The City of Tucson's Affordable Housing Strategies Five-Year Plan (2000-2005) is equally cautious. The report notes that income has not kept pace with escalating housing costs for both buyers and renters.
According to a Tucson Community Services Department 2000 report, 28,000 households in Tucson earn 30 percent or less of the median family income of $13,550 for a family of four. These families, according to the report, are particularly vulnerable to homelessness due to welfare reform.
A study released in October by the National Low Income Housing Coalition found that the average family income in the Tucson area is $23.35 per hour, more than $4,000 less than the average Arizona income. Renters in Tucson need to make at least $12.44 an hour--14 percent more than a year ago--to cover the area's average monthly rent of $647.
Some argue that the lack of affordable housing due to cutbacks in HUD's subsidized mortgages is the primary cause of the nation's epidemic homeless problem.
"When people lose their houses, or people can't get housing they can afford, that's where homelessness begins," says Info and Referral Services' Ratener.
"If they've been evicted three times because their check doesn't quite make it until the end of the month, they stop trying to find a place to live because that's a cycle they don't want to go through anymore," says Uhlich.
The National Housing Trust and Harvard/MIT Joint Center for Urban Studies reports that 218 families in Tucson had lost such housing as of 1998. With some 1.8 million tenants nationwide living in Section 8 housing projects, the potential for more homeless is staggering as fewer affordable housing projects are maintained or built.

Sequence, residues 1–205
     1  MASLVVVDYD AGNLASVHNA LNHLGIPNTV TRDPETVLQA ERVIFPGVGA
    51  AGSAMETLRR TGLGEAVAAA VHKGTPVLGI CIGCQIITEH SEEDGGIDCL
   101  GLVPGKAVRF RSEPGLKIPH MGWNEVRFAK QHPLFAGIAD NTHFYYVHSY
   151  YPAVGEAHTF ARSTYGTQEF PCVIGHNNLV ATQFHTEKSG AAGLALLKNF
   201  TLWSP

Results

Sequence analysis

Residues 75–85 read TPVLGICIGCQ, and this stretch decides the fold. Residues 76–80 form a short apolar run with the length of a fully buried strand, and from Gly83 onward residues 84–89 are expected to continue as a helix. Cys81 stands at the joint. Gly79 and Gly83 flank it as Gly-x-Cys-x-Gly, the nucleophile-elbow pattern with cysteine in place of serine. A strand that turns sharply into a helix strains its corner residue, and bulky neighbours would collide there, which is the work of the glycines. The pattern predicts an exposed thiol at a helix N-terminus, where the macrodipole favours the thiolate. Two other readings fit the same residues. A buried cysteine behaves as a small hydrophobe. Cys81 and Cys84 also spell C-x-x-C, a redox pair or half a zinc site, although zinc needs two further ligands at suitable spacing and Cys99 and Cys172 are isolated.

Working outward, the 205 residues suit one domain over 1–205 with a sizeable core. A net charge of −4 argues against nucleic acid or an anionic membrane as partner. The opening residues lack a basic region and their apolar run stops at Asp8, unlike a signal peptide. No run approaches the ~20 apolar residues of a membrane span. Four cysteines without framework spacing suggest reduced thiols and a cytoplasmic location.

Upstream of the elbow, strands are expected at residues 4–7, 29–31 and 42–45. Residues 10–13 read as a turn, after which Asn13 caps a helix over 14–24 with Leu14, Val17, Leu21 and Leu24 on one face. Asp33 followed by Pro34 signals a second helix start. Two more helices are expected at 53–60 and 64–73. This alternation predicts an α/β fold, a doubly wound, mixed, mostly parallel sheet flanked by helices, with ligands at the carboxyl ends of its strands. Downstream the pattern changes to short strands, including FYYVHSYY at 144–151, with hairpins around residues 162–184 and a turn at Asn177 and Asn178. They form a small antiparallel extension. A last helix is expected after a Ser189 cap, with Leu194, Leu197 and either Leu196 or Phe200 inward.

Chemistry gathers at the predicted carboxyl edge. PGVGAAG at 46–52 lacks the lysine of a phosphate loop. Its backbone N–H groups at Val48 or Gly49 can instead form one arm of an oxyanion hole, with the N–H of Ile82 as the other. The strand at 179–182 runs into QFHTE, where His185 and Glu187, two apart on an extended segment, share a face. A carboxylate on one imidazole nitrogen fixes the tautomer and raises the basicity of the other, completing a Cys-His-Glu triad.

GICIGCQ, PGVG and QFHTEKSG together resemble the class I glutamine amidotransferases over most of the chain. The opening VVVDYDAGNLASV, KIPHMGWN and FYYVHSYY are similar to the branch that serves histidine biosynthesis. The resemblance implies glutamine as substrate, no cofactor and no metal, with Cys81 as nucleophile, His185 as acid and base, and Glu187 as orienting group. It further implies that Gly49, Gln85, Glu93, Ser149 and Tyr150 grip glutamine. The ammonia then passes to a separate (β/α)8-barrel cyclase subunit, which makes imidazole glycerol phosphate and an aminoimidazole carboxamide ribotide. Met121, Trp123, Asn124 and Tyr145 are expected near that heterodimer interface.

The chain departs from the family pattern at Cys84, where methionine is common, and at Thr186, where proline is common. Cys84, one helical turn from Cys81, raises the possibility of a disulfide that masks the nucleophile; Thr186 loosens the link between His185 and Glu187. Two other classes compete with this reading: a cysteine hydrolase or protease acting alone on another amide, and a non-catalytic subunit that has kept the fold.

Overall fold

Interestingly, HUD claims the rate of homelessness has remained constant over the past decade despite relative boom times in America. But the boom times have actually meant landlords drop Section 8 status, demand higher rents and still find themselves turning away people willing to pay.
"The one thing Tucson does is administer and run Section 8 housing assistance payment programs and the public housing program where the city owns over 1,500 public housing units scattered throughout Tucson," explains Abril.
The rent for those units is based on no more than 30 percent of the family's income.
According to the report, there are approximately 8,700 subsidized rental units in Tucson, and 343 non-profit-owned subsidized rental units set aside for special populations requiring support services. The city invests approximately $36 million per year in Assisted Rental Housing--housing for families with incomes at or below 80 percent of the area medium income.
According to the City of Tucson, the local HUD Section 8 program is serving about 4,000 families in the area, with another 2,000 families waiting.
Currently, the city invests about $1.5 million per year directly into the acquisition, development and management of units. Over the past three years, the city has invested in more than 3,300 housing units and the current goal is to add 1,000 households per year through 2005, a goal that "will result in assistance to a minimum of 17,000 low-income households," according to the Affordable Housing Strategies 2000 report.